People sometimes ask, “Why doesn’t God just show himself? Why doesn’t he come near?” In the Scripture, God promises to come near, but that coming near is always a kind of judgment. The presence of God is a spotlight, revealing not only our actions but our thoughts and motives. The truth about us, including truth we have not known, becomes clear when God comes near.
Even so, the prophet Isaiah pleaded with God to come near: “Oh, that you would rend the heavens and come down, that the mountains would tremble before you!” But do we really want the one who causes mountains to tremble to come near? When he did so at Sinai, the mountain “was covered with smoke, because the LORD descended on it in fire … and the whole mountain trembled violently.” People suddenly found they did not want God to be so close. They said to Moses, “Speak to us yourself and we will listen. But do not have God speak to us or we will die.”
Here lies the incredible tension under which we live—and not just us, but God too. According to Isaiah, people’s hearts are hard when God is far away, yet if he comes near while they are wrapped up in their sins, they will be hurt. If he does not come near, their hearts will become harder and even more entwined in sin. If he comes close, he might destroy us, but if he does not, we will destroy ourselves.
This is the disaster that Adam’s rebellion perpetrated on all his children. If God comes close, we are ruined. If he stays away, we are ruined. The Bible is the story of how God solved this most intractable problem. It tells how he made a way to come near without destroying people.
How did he do that? “The Word became flesh and lived among us.” The eternal God entered time. The infinite God was confined in space. God’s plan involved thousands of years of preparation. An entire people group was groomed for millennia. The right woman was selected through whom the Word would become flesh. Finally, God sent “his own Son in the likeness of sinful flesh, for sin…” Only in this way could God come among humans without undoing them.
And what happened? The humans killed him. This did not take God by surprise. He knew through all those thousands of years that this would happen, and he incorporated it into his plan. It was the way – perhaps the only way – the intractable problem could be solved. God also knew through all those thousands of years that he would raise Christ from the dead, which was how the problem of human mortality would be overcome.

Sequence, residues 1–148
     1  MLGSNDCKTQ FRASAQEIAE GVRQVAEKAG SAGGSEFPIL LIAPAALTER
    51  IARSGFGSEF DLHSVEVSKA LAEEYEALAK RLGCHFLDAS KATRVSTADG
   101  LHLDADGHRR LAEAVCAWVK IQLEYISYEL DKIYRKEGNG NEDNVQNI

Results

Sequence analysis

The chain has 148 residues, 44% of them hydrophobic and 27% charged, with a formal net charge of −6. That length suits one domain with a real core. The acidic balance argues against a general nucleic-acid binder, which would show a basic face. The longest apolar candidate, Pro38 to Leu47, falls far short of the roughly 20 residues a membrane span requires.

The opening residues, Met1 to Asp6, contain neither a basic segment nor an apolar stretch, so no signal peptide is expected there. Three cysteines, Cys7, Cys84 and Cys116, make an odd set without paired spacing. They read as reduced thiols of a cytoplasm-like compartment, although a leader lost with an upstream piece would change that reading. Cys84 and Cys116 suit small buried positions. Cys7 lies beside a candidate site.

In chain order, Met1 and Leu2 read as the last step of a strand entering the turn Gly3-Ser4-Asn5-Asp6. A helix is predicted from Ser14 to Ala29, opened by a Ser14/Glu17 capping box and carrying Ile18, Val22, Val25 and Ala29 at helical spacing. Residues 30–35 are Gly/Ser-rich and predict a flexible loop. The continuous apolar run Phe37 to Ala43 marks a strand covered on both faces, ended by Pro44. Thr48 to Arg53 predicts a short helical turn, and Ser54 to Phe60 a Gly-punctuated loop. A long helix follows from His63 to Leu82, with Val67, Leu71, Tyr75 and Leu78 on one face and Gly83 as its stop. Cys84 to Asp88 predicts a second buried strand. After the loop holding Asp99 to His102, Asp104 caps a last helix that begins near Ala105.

According to the biblical story, Christ ascended to heaven following the resurrection. Doesn’t that mean that we are back where we were? Is God not once again far from us? Do we only get God for the 33 years that he lived among us in human form? No, God sent his Spirit, which was also the plan for thousands of years. Through his Spirit, his presence brings restoration and not ruin.
Long ago, the prophet asked: “But who can endure the day of his coming? Who can stand when he appears?” The answer is the person who has received God’s Spirit. The presence of this Spirit enables humans to endure God’s coming. And he imparts his Spirit to the person who believes in his Son.
God has not changed. He is still the same God who, when he came near, made Moses cry out, “I am trembling with fear.” God is not a toy for religious people to play with. Coming near him is risky. It can unmake a person—or remake him.
Because of what God did in Christ, and because of the ensuing gift of his Spirit, “we can come near to God” knowing that “he will come near” to us. We can do this with confidence, certain that his presence will heal, and not harm, us.